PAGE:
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Parliamentary and Political Monitoring Report w/c 10th November 2014

By DPF Admin17th November 2014August 6th, 2019Area Updates, Latest News, Northern Updates, Southern Updates

This week’s main UK defence news has been the commencement of UK drone strikes in Iraq. As reported in The Daily Telegraph, the Ministry of Defence has said that an RAF Reaper drone fired a Hellfire missile at ISIS forces laying homemade bombs north of Baghdad. The air strike near Bayji, which took place over the weekend, came as RAF Tornado jets based at Akrotiri in southern Cyprus also continued to hit targets belonging to ISIS. Meanwhile, the US has announced plans to send an additional 1,500 soldiers to Iraq on top of the 1,400 already deployed on a mission to train and support the country's military. However, the deployment will not take place until the US Congress votes to provide $5.6bn to support the mission.

The week also saw the commemoration of the anniversary of the armistice that effectively ended World War 1. On Sunday, the Queen led proceedings at the Cenotaph in central London. Before the ceremony, Scotland Yard said there would be “appropriate and proportionate” policing after four men were arrested on Thursday in west London and High Wycombe over an alleged Islamist terrorism plot on British soil.

Also this week, the final RAF Tornado detachment returned from Afghanistan. A London-based think-tank produced a detailed study of recent increases of Russian military activity around Europe. And it was reported that Ministry of Defence officials have been warned against becoming involved with beautiful women from Russia or China, as it is feared that intelligence agencies from those countries may attempt to stage “honey trap” operations.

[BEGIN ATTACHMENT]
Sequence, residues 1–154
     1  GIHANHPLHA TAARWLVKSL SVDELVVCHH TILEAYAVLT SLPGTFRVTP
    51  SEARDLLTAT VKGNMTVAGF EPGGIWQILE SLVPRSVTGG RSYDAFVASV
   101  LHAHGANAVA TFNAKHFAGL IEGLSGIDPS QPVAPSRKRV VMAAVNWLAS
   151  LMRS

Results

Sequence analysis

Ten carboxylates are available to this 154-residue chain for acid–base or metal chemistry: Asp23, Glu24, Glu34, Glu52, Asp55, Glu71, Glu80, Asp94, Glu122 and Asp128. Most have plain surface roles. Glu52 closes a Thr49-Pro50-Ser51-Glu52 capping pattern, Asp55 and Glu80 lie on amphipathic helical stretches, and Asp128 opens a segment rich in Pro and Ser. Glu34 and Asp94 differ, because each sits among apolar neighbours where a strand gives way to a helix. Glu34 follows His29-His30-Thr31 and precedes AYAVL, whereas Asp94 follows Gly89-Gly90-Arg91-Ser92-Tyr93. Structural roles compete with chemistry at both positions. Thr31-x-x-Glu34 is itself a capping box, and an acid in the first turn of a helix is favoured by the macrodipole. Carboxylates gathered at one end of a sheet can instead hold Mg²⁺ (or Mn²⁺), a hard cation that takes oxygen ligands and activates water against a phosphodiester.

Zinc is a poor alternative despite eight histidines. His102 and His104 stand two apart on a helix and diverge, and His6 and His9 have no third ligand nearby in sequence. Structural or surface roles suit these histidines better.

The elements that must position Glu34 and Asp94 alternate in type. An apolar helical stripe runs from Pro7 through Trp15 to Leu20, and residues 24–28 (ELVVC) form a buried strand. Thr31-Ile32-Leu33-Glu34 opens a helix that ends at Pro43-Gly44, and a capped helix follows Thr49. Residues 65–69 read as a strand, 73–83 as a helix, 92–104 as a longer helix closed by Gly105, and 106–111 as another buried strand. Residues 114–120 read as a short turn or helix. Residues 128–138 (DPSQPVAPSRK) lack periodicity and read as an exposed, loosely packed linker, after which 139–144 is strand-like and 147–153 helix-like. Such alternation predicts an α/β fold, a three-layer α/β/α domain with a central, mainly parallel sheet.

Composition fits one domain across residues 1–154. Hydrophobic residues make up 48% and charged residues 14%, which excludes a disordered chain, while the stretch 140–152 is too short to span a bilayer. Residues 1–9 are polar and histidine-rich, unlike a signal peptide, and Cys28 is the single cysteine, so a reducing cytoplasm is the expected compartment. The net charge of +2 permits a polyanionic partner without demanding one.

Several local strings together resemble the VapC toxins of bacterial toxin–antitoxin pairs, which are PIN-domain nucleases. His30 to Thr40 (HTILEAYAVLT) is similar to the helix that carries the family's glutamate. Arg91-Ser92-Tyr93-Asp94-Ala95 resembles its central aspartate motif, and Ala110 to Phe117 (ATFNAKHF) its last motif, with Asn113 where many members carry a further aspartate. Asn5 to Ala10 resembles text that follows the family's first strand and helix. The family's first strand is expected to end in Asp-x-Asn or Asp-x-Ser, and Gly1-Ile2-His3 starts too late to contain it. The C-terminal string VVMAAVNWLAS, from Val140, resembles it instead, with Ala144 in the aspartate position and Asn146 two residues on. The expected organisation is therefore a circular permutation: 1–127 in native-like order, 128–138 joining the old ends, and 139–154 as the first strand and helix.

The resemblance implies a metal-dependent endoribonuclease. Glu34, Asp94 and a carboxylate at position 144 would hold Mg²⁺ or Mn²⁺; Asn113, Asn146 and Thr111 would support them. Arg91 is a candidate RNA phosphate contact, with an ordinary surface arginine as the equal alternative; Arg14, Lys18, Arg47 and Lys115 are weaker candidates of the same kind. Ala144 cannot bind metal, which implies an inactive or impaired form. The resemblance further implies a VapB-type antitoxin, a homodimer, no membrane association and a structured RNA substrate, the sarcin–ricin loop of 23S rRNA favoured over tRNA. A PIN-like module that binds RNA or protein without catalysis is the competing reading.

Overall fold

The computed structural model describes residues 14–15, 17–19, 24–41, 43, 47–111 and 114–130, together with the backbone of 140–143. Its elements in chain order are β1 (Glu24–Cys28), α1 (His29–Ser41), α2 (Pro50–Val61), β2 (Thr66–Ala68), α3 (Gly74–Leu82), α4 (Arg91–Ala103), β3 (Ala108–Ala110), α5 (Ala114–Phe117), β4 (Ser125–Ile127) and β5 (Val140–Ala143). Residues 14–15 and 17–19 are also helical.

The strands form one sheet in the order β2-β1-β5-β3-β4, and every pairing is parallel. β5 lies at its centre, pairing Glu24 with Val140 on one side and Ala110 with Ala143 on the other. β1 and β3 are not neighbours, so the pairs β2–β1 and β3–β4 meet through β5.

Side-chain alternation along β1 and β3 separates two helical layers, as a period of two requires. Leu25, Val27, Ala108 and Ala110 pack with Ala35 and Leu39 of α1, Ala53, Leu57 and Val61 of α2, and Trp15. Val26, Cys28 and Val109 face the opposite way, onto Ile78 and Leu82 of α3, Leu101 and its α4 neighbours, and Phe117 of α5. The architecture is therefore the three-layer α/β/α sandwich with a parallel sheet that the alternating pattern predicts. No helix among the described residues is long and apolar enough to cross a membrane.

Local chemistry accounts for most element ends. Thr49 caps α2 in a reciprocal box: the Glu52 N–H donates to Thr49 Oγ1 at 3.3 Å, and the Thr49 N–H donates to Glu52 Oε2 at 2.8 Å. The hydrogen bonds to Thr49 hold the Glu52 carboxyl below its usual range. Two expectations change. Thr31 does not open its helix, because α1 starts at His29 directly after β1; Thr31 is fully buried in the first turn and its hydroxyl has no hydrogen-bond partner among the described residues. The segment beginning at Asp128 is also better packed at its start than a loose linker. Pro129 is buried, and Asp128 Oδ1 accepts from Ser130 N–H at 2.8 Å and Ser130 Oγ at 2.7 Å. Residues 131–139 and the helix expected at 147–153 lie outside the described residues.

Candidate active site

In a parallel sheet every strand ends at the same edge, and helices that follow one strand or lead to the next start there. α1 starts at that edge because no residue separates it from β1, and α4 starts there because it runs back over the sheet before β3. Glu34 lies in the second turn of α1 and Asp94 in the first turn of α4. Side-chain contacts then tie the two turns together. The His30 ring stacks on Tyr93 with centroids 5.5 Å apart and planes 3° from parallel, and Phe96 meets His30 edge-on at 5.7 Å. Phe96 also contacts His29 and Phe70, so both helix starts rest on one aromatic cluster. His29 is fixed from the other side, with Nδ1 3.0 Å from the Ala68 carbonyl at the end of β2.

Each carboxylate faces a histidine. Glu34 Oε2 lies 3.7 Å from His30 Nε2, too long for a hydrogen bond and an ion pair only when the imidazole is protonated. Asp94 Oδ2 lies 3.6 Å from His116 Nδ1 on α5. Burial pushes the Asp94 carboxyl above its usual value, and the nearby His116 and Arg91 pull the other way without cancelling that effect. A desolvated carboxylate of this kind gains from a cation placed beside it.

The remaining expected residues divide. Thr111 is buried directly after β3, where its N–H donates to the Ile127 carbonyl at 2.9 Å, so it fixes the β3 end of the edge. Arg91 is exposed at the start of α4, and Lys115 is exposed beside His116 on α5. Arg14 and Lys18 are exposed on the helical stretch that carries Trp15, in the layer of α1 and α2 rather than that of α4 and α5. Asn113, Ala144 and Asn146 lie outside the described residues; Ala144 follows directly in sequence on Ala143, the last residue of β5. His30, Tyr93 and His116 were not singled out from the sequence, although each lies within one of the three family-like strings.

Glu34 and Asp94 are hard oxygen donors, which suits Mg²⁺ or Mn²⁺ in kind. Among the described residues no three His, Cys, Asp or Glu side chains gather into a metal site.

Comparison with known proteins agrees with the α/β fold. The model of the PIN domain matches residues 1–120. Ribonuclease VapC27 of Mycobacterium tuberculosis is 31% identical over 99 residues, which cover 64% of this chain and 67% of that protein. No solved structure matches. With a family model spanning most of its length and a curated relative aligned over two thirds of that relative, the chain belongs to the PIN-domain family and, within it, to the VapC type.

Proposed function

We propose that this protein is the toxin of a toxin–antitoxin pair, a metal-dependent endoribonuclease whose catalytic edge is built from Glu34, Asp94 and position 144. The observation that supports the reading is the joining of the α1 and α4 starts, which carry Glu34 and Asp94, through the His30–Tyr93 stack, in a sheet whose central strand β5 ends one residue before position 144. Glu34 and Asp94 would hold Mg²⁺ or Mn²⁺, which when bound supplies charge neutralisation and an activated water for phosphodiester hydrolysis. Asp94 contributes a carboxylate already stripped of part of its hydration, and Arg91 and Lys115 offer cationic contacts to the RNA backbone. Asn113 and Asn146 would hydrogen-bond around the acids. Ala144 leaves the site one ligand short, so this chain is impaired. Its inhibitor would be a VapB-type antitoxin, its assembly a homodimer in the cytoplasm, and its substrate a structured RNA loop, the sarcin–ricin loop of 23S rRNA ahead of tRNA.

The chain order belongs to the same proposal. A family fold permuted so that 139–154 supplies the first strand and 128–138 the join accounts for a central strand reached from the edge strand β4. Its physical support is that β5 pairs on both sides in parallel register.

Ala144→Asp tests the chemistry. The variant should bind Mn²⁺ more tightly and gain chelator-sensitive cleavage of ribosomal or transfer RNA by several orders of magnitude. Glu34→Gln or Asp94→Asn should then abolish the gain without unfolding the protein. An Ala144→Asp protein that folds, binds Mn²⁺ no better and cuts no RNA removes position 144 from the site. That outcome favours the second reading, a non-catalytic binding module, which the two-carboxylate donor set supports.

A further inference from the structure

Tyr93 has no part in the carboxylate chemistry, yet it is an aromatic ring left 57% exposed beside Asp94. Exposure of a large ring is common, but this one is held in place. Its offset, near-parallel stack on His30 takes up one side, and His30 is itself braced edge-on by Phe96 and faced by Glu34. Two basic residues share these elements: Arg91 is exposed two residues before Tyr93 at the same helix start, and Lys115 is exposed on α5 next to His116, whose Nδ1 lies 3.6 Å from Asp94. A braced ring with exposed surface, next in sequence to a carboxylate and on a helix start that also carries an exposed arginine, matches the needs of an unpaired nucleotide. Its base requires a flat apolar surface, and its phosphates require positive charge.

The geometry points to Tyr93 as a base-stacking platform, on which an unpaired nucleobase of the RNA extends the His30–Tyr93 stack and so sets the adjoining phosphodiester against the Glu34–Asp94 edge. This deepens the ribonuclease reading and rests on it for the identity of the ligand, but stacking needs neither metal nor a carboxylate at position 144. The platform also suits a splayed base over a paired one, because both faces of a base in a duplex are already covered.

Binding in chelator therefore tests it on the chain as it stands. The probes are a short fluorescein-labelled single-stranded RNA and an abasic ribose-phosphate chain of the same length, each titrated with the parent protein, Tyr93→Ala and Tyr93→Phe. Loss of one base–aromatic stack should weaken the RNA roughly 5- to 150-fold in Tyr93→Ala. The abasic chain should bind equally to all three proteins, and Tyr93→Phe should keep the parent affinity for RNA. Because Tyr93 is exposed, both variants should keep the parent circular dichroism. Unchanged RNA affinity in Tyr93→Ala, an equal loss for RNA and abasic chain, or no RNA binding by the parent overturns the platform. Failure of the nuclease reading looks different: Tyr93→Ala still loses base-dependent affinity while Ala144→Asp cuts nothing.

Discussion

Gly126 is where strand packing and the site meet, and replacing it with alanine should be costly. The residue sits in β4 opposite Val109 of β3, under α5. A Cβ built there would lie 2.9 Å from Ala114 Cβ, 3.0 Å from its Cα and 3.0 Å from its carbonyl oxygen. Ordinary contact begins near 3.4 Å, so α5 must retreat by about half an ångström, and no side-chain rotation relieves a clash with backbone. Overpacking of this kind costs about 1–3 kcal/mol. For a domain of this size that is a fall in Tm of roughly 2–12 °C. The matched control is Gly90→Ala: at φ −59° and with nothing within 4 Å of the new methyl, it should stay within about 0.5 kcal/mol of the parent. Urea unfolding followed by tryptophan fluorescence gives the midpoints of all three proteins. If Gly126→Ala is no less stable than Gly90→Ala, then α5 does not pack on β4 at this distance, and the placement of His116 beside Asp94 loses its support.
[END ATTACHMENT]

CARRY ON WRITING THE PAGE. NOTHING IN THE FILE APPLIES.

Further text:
·      Chief of the Defence Staff claims that David Cameron ‘opposes further cuts in troop numbers’

·      New research suggests post-election public spending cuts to be harsher than expected

·      Question on defence spending asked in House of Lords

·      Funding problem reported to be delaying Type 26 frigate programme

·      New medal for Armed Forces members who never saw action debated

·      Upper age limit for Army Reserve recruits raised to 52 for soldiers and 57 for officers

Chief of the Defence Staff claims that David Cameron ‘opposes further cuts in troop numbers’

The Daily Telegraph reports that General Sir Nick Houghton has said that the Prime Minister David Cameron opposes cutting the number of British soldiers after the next election. General Houghton admitted financial pressures would remain when the next government takes office, but pledged to oppose cuts to army numbers from “inside the system”.

The comments, which came during an interview on BBC One's Andrew Marr Show on Remembrance Sunday, are likely to reignite a row over the Conservatives' protection of defence spending after the election. The party has so far failed to promise that two per cent of Britain's GDP will be spent on defence beyond 2015 – a key commitment by NATO members. Conservative MPs and retired generals told The Daily Telegraph that Mr Cameron must put a promise to keep defence spending above two per cent of GDP in the Tories' manifesto, saying anything else would be “dangerous and deplorable”.

New research suggests post-election public spending cuts to be harsher than expected

The Financial Times has reported that its analysis of Britain’s public finances has found that a further £48bn of public spending cuts will have to be made after the next election if public finances are to be in balance by the 2018/19 financial year – almost double the estimate of a few months ago made by the Prime Minister. If the next government continues to ring-fence health, schools and overseas aid, the non-protected departments face real cuts of an average of 33 per cent, compared with the 21 per cent average cuts they faced between 2009-10 and 2014-15. The MoD budget – which is not ring-fenced – is being cut by around nine per cent during this parliament.

The level of cuts are nearly twice David Cameron’s £25bn estimate because that figure does not include planned cuts for two years out of the nine – 2015-16 and 2018-19 – and takes no account of the effect on departmental spending of rising numbers of pensioners and increases in pension payments. The Institute for Fiscal Studies last month criticised Mr Cameron for omitting the first and last year of the next parliament when calculating the size of the cuts to be made.